Rufus Wainwright, Sadler's Wells, London
Thursday 15 April 2010
At the start of the second half of this extraordinary concert, Rufus Wainwright laughingly confessed that he had been "shitting bricks" over his performance in the first half. No wonder. Before the interval he had treated us to a stunning rendition of his new album, All Days Are Nights: Songs for Lulu, presented as a kind of Beckettian monodrama. An official had requested that we did not applaud the separate numbers, that we should hold back until the very end "as the exit is part of the performance". So was the entrance, and then some.
Wearing a mourning coat with a huge train, Wainwright processed slowly – as though himself a spectral revenant – to a baby grand under lighting that turned the occasion into a kind of black-and-white movie. On a huge screen behind him, cued to the shifting emotions in the songs, his right eye, covered in oil and filmed in massive close-up, opened and closed, sometimes looking like an arachnid creature, sometimes gazing out at the audience with a stoically unflinching regard. At times, the occasion the occasion felt like a surreal cross between, say, Berlioz's Nuits d'été and Beckett's Not I.
Oh yes, it skirted absurdity all right – and then persuasively surmounted all suspicion of it. The new album struck me as a masterpiece when I first heard the CD and I was more convinced of that than ever after this impassioned and intellectually alert performance.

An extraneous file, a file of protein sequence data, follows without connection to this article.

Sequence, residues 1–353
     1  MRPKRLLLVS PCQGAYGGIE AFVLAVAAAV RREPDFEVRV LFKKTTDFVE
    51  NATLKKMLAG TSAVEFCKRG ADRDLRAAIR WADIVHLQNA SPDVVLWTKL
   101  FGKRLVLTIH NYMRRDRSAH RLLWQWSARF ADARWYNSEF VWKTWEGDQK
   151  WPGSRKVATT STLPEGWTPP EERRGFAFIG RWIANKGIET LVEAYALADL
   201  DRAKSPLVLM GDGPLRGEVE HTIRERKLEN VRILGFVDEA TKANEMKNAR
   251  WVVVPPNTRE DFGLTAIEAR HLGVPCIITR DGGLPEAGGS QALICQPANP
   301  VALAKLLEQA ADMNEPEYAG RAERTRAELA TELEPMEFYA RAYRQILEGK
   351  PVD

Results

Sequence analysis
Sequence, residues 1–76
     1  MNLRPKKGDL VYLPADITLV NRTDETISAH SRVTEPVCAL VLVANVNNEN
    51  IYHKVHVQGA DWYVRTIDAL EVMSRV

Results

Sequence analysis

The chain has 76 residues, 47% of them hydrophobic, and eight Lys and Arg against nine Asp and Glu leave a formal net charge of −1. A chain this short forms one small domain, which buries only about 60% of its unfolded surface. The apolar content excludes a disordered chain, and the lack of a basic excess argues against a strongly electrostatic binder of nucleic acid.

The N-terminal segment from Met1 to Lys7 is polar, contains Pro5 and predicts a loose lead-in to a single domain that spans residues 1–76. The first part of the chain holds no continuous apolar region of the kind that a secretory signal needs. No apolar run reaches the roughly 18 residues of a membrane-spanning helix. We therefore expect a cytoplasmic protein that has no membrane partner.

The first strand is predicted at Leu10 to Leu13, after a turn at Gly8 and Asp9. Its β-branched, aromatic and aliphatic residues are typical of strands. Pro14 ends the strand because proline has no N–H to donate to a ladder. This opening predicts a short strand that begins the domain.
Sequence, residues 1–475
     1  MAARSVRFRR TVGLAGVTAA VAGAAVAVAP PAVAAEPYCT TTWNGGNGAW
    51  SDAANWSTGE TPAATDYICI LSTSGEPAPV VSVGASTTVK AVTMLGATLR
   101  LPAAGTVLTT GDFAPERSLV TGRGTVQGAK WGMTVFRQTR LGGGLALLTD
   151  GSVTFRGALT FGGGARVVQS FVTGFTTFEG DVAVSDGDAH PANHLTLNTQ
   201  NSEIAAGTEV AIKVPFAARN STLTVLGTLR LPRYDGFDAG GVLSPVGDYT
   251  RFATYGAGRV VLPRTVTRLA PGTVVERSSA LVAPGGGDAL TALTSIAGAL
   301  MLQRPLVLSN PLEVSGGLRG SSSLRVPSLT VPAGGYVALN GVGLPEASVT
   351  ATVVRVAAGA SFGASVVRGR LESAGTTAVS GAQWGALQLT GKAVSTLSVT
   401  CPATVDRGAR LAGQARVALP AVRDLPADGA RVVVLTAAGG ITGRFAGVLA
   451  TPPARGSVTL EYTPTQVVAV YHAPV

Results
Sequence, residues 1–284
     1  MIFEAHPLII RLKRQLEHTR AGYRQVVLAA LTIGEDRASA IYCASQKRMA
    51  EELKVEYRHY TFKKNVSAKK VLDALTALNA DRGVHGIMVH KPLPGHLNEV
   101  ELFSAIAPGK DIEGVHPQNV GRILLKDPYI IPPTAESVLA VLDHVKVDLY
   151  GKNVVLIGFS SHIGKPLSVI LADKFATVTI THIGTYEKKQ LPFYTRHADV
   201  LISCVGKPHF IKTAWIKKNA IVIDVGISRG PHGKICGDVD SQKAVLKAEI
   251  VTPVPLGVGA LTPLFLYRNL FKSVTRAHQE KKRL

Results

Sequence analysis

Some of the songs may have been written as a way of grieving for Wainwright's mother, the musician Kate McGarrigle, paradoxically while she was still among us. "Skating on the ice of song, about to go under" is a beautiful line from "Zebulon", which brings the cycle to a close. But the point is that neither the song nor its author go under. They survive, thrillingly.
All Days Are Nights has been accused of moping and meandering. People who think that cannot have attended to its variety and abundance, whether in settings of Shakespeare's sonnets that penetrate to the rhetorical and emotional soul of these works or in the rousing, Charles Ives-like way Wainwright makes a piano sound like an entire parade on the wonderfully defiant cocked snook at his critics that is "Give Me What I Want And Give It To Me Now".
And why are 'southern' ways of speaking spreading north?
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